Tribute to Christy Regan
‘Through Christy’s Lens’ Book Launch
The Regan family will proudly launch their tribute to Christy on Friday night next at 8 in King House and all are welcome. There are very few Boyle people who have not encountered Christy and his camera down through the decades. His pictures became the illustrating accompaniment of news stories for decades in local newspapers, especially in the Roscommon Herald, be they first communions, confirmations, weddings, musicals, political and sporting events and the myriad of activities that are part of the fabric of community life in this region. This book will give a flavour of those past events. They are just a cross-section of the major archive which Christy accumulated in his career. In doing this he has left a huge legacy of social and historical material for future generations. So I commend the Regan family on this prompt window into Christy’s archive and perhaps it can be developed in some way now that the digitising age is here. The book also includes tributes and reflections from family and friends on their memories of Christy who was first and foremost a great family man. Proceeds from the publication will go to the oncology department of Sligo General Hospital.
‘There is a dance in Billy Brennan’s barn tonight’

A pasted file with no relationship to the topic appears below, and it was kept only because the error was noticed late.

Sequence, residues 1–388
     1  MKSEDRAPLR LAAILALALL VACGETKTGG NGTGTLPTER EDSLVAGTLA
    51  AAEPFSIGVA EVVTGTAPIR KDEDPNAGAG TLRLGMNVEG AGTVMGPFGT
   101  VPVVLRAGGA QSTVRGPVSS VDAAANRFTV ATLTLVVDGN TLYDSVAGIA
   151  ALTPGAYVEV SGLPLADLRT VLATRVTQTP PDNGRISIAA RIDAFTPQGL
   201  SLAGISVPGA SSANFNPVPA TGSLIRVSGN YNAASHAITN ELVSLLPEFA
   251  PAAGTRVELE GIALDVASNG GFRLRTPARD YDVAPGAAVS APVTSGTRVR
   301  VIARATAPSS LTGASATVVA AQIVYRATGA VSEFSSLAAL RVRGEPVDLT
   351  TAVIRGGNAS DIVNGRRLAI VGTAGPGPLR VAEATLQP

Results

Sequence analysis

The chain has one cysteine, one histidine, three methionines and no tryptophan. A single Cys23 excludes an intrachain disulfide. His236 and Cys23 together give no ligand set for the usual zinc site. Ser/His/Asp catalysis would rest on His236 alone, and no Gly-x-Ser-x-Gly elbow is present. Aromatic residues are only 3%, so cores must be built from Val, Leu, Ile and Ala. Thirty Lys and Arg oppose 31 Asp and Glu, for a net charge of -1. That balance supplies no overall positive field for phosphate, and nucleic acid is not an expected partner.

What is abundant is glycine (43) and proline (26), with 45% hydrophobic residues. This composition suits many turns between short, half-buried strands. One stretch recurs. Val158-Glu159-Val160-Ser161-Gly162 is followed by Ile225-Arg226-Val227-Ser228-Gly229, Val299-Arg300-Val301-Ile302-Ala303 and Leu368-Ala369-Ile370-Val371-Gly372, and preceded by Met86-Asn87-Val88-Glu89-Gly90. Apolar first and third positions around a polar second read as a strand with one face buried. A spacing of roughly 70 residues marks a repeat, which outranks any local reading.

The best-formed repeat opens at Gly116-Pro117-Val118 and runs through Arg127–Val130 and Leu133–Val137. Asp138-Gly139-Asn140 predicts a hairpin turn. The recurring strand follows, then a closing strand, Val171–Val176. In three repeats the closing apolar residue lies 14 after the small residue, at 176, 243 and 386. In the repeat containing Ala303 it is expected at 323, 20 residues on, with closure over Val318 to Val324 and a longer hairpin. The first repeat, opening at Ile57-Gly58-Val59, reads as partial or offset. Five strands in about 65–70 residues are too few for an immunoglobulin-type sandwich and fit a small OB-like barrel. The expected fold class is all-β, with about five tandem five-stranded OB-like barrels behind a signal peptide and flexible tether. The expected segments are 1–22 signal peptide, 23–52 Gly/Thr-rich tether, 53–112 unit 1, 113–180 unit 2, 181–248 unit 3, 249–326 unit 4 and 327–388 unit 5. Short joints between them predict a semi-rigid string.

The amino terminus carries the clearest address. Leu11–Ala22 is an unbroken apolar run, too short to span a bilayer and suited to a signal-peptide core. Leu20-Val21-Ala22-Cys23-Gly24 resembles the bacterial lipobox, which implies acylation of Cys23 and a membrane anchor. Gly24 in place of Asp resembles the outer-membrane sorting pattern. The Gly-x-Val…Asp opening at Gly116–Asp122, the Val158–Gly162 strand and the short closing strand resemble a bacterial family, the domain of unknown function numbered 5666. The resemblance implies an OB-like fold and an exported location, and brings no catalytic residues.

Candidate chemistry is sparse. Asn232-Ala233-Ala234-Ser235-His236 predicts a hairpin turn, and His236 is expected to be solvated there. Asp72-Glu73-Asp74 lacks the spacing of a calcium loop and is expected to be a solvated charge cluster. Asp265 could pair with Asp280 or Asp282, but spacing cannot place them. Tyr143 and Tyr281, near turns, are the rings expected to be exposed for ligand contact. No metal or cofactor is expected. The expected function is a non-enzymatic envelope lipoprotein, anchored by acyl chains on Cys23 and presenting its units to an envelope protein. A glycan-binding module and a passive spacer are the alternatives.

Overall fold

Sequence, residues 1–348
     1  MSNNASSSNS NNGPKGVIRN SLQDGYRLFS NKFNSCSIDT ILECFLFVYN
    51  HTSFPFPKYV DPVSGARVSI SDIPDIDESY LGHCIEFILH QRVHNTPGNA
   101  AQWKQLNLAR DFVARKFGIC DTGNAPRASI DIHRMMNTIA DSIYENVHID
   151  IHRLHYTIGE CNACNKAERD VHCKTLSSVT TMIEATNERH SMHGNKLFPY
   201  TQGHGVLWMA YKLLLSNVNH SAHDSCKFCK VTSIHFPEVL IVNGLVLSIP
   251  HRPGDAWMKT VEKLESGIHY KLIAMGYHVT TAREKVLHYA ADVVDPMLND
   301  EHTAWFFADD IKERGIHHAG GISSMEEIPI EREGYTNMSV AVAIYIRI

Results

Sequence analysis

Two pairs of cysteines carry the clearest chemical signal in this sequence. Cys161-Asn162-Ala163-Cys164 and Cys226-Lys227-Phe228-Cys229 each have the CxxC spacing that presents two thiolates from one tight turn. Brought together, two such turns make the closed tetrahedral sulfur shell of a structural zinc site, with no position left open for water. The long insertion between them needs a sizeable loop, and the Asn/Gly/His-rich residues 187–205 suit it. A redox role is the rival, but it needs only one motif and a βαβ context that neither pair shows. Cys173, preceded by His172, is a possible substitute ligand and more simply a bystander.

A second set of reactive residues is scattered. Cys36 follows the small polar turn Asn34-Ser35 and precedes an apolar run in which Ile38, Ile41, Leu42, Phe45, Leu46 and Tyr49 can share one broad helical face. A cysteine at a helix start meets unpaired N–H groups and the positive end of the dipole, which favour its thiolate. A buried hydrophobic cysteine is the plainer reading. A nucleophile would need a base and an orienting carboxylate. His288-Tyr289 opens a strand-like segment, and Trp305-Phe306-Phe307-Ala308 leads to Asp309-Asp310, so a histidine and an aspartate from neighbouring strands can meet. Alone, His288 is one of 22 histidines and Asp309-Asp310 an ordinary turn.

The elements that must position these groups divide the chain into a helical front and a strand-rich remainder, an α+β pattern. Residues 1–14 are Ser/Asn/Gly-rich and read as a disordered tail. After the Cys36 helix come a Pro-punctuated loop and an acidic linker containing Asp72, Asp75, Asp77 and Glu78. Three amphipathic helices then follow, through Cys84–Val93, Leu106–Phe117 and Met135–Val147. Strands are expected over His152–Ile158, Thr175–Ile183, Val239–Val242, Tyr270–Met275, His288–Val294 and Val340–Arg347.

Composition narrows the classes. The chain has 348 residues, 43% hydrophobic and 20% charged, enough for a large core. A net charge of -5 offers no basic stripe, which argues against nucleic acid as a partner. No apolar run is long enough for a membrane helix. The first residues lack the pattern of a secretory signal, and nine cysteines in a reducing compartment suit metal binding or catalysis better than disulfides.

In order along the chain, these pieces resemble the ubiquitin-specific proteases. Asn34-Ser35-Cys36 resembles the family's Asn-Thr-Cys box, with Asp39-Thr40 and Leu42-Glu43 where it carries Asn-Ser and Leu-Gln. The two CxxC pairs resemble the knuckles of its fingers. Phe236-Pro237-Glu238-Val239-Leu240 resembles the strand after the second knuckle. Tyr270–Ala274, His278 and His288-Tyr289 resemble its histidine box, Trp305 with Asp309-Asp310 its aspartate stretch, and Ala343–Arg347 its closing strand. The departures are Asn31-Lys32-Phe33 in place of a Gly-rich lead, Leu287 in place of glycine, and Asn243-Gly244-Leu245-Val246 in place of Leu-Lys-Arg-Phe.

A minor news snippet brought me back a few years when I came across it recently. It related to the sale of a barn in County Monaghan which featured in Patrick Kavanagh’s poem Inniskeen Road.
Inniskeen Road: July Evening
The bicycles go by in twos and threes -
There's a dance in Billy Brennan's barn tonight,
And there's the half-talk code of mysteries
And the wink-and-elbow language of delight.
Half-past eight and there is not a spot
Upon a mile of road, no shadow thrown
That might turn out a man or woman, not
A footfall tapping secrecies of stone.
A number of Kavanagh’s poems featured in secondary school syllabi down the years and represented a time in Ireland which may be gone now but remerge vividly for older generations when they happen to read Kavanagh’s poems. Kavanagh wrote two tribute poems commemorating his parents.
‘Memory of My Father’,
Every old man I see
Reminds me of my father’
Ending with the powerful last verse
‘Every old man I see
In October-coloured weather
Seems to say to me
"I was once your father."
This was for me a veiled view of his father whereas the images of his mother are very clear. A little oddly I suppose we can view our parents differently in that way.
‘In Memory of My Mother’.
‘I do not think of you lying in the wet clay
Of a Monaghan graveyard’
Kavanagh’s most famous strident denouement is Stony Grey Soil of Monaghan
O stony grey soil of Monaghan
The laugh from my love you thieved;
You took the gay child of my passion
And gave me your clod-conceived.
I am looking through a pretty battered book of school poetry ‘Soundings’ as I write. It was re-published a year or two ago and contains many classics. It is true to say that many people are able to recite lines from the poems they learned in their youth, ‘As in wild earth a Grecian vase’, which is the last line of Padraic Colum’s poem ‘A Poor Scholar Of The 'Forties’.